At least four different forms of neonatal Fc receptor (FcRn) inhibitors are being evaluated in Phase 2 and 3 clinical studies, which have demonstrated efficacy and safety of this treatment in individuals with diseases such as immune thrombocytopenia. This approach, in trial in hemolytic disease of the fetus and newborn (HDFN), could be used to prevent maternal immunoglobulin G antibody from causing FNAIT in a fetus at risk of developing the disorder. An FcRn inhibitor should act similarly to IVIG, as it is believed that IVIG also blocks FcRn.

“One significant benefit to FcRn inhibitor therapy is that it should create more complete FcRn blockade, which in turn would prevent passage of virtually all maternal IgG across the placenta in patients affected with either hemolytic disease of the fetus and newborn or FNAIT,” explains Dr. Vander Haar. “Therefore, the use of these inhibitors could entirely eliminate the need to employ prednisone and IVIG, both of which have risks for substantial adverse maternal side effects.” An additional potential benefit of using FcRn inhibitors is that by substantially reducing the half-life of IgG in the maternal circulation these agents would also significantly reduce the levels of anti-HPA-1a antibodies in the mother’s bloodstream.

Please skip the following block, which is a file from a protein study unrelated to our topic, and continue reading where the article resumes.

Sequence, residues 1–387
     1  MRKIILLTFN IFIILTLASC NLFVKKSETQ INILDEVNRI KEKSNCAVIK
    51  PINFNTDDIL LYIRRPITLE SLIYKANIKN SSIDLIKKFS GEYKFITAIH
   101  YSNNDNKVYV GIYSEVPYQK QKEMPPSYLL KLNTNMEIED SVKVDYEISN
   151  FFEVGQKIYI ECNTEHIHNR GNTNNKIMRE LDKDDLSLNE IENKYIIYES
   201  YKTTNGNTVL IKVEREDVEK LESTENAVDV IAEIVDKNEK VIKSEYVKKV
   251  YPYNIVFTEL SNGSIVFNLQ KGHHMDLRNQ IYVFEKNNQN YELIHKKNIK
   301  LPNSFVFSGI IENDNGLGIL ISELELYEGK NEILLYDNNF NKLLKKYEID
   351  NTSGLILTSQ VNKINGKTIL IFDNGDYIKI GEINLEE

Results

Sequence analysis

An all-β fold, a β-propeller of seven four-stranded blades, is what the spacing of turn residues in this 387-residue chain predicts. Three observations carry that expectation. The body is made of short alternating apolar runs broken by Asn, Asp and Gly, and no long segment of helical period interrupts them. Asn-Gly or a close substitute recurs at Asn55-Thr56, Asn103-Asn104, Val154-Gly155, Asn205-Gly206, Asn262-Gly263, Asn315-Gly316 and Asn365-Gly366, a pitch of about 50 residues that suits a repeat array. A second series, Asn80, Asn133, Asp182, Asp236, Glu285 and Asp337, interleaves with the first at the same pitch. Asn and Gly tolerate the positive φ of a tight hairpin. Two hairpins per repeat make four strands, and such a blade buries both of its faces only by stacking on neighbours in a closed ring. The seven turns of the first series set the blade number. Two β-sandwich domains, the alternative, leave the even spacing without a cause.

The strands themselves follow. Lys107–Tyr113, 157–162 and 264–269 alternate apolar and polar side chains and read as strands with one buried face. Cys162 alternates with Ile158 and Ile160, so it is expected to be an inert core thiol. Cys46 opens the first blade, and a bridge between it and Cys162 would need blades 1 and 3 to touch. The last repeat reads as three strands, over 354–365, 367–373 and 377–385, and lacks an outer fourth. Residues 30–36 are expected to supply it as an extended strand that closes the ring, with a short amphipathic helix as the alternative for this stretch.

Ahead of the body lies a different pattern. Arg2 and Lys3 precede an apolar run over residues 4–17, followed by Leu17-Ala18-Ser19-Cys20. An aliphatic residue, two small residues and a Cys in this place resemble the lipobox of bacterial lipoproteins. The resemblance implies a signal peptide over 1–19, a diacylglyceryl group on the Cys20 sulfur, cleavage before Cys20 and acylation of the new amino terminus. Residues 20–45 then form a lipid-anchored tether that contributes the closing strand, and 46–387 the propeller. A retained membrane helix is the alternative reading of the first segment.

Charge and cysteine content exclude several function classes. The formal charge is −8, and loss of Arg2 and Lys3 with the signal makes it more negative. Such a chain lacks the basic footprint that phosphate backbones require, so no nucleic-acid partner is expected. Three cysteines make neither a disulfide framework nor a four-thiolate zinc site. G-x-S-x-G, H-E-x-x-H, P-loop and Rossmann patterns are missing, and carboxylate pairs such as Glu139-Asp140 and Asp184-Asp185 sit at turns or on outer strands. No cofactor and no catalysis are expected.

Dr. Vander Haar, Dr. Bussel, and Dr. Berkowitz are in the process of initiating a multi-site prospective, natural history study with a focus on U.S. populations to assess the occurrence of HPA-1a alloimmunization in women identified to be at higher risk for FNAIT. This study seeks to determine the frequency of the HPA-1a allele in women of different races and ethnicities. It is intended as a prelude to a larger study of both screening and prophylaxis to see if FNAIT can follow the pathway of Rh disease in being largely prevented.

It is anticipated that 20,000 to 30,000 participants will be screened with the goal of identifying 30 to 50 pregnant women at higher FNAIT risk. Of the women identified at higher FNAIT risk, it is anticipated approximately 10 to 20 may alloimmunize.

Reference Article

Bussel JB, Vander Haar EL, Berkowitz RL New developments in fetal and neonatal alloimmune thrombocytopenia. American Journal of Obstetrics and Gynecology. 2021 Aug;225(2):120-127.